Facebook R&B crooner Mario has been relatively quiet on the music front for…
- Posted on Jul 13th 2007 5:00PM by Gaylord Fields
The Manics, consisting of Edwards, bassist Nicky Wire, singer-guitarist James Dean Bradfield and drummer Sean Moore, formed in their hometown of Blackwood, Wales, in the late '80s. Edwards, who wrote the band's lyrics with Wire, was mainly responsible for the quartet's glam-influenced hard-rock image as well as its leftist rhetorical bent and outrageous statements. After releasing two moderately popular and modestly critiqued albums in the early '90s, both heavy on the dramatics and the polemics, and as influenced by Guns N' Roses as the Sex Pistols and the Clash, the Manics finally realized their full potential with their third release.
On the stark, oftentimes chilling 1994 album 'The Holy Bible,' Edwards' themes looked inward at his fragile mental state -- he was an admitted anorexic and was also known to be a heavy drinker and a self-mutilator. The record was a critical favorite but a sales disappointment. The lack of acceptance of such a personal statement must have been a crushing blow to the Manics, especially to the emotionally delicate Edwards. Nonetheless, though many of Edwards' mates were concerned about his state of mind, none could have guessed at what actually would transpire.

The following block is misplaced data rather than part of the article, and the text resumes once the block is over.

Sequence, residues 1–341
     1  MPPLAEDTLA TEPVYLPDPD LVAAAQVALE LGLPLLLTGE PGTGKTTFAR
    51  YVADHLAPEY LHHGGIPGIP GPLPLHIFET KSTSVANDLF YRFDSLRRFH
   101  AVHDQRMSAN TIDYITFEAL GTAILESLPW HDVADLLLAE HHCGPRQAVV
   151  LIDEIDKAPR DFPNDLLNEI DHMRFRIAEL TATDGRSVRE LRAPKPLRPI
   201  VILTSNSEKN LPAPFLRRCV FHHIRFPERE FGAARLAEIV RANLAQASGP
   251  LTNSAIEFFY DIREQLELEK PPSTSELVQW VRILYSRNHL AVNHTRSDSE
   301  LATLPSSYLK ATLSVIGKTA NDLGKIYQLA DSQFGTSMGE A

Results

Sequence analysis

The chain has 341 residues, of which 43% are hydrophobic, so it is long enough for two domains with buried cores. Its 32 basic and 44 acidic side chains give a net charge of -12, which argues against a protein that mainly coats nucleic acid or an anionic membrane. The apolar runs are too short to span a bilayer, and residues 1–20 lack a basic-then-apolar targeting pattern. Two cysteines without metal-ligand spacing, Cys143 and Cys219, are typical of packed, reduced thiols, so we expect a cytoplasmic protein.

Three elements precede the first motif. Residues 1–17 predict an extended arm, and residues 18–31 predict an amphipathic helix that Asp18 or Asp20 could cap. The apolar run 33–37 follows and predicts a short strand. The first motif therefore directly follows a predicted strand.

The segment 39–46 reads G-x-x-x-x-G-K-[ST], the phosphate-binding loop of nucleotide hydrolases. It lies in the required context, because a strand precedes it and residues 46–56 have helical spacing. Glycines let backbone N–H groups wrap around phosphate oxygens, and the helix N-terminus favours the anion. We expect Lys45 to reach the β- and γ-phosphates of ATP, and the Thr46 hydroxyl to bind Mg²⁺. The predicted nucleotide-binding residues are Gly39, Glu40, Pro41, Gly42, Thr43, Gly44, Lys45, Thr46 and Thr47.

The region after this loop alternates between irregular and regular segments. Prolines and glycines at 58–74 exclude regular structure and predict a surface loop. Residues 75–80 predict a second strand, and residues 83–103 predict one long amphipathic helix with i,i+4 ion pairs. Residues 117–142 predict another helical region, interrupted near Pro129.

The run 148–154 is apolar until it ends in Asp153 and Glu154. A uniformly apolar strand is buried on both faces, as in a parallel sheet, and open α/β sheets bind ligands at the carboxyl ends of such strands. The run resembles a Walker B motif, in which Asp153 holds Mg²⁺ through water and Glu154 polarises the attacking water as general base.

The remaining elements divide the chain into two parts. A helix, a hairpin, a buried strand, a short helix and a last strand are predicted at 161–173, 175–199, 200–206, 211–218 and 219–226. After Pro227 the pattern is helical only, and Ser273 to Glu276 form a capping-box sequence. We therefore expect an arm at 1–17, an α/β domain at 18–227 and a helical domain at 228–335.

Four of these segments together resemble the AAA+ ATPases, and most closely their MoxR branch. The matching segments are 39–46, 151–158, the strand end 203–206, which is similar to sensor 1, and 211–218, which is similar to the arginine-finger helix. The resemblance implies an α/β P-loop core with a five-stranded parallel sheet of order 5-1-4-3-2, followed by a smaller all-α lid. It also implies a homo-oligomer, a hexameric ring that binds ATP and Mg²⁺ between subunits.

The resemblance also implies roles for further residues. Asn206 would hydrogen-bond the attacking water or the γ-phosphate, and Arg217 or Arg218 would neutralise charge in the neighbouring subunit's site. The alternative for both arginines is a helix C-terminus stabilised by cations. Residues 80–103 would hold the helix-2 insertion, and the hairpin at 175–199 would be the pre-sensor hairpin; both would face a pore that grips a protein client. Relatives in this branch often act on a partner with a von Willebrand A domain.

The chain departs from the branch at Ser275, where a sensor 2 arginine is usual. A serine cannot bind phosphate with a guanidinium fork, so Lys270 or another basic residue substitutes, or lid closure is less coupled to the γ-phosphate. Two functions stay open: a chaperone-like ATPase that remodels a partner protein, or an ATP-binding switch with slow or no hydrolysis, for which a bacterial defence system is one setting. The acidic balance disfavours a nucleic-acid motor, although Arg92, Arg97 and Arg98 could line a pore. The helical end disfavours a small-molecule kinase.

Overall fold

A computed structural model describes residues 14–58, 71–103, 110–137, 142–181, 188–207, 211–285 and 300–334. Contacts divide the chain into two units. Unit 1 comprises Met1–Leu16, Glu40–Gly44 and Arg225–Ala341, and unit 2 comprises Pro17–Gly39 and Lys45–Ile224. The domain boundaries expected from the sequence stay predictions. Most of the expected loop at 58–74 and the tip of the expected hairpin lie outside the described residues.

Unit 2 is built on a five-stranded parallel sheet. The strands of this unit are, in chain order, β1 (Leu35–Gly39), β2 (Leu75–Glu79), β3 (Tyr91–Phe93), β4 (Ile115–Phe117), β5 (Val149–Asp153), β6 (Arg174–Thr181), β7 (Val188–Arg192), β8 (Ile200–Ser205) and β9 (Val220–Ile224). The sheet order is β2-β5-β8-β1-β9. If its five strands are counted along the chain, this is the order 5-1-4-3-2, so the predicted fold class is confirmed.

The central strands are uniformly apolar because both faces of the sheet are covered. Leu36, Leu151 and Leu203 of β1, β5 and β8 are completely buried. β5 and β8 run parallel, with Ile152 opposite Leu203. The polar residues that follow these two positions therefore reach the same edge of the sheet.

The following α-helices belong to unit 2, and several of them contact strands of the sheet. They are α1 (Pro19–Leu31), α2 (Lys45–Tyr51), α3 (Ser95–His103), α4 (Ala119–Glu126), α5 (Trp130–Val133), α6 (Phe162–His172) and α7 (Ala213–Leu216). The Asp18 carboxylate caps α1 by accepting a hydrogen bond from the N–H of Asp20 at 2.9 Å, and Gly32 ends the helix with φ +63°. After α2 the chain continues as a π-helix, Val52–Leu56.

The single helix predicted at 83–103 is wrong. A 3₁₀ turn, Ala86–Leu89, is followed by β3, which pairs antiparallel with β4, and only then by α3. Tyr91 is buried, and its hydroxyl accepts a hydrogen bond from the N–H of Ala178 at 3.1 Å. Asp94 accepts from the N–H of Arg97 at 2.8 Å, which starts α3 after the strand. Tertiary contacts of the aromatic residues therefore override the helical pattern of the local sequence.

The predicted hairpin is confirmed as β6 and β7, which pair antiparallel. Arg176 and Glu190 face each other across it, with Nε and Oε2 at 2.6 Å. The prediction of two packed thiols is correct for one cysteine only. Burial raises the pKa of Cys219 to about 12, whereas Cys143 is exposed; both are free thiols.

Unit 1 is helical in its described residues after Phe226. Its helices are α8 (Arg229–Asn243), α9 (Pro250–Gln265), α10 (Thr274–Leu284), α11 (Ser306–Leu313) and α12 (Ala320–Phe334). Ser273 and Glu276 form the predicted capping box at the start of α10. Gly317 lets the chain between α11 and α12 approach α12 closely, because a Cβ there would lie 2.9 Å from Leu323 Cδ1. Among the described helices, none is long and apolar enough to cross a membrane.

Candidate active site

On February 1, 1995, shortly before the band was to embark on a promotional tour of the U.S., Edwards checked out of his London hotel room, crossed the border to Wales and stopped at his Cardiff home. What else can be ascertained about the next few days after he went missing is that he withdrew a small sum of cash from a bank and was spotted in the Welsh city of Newport by eyewitnesses. Two weeks later, his car was found abandoned at a bridge outside Bristol, England. Richey James Edwards, however, was never seen or heard from again. That is, unless you believe scattered accounts of sightings that place him, like Elvis Presley and Jim Morrison, living incognito in far-flung worldwide locales.
After a year or so without any contact from their comrade, the Manic Street Preachers carried on without their charismatic guitarist, as a trio. In 1996, the remaining members released their best and most successful musical statement to date, 'Everything Must Go,' employing lyrics left behind by Edwards on several songs. Yet as far as his whereabouts are concerned, though Edwards' abrupt disappearance and his well-documented mental problems may point to a suicide, without a body no conclusion truly can be ascertained. Where do his former bandmates stand? The fact that they hold one-fourth of their royalties in an account for Edwards to claim clearly indicates they hope he is, say, somewhere in India sharing a Kingfisher beer with the Lizard King and the King of Rock & Roll.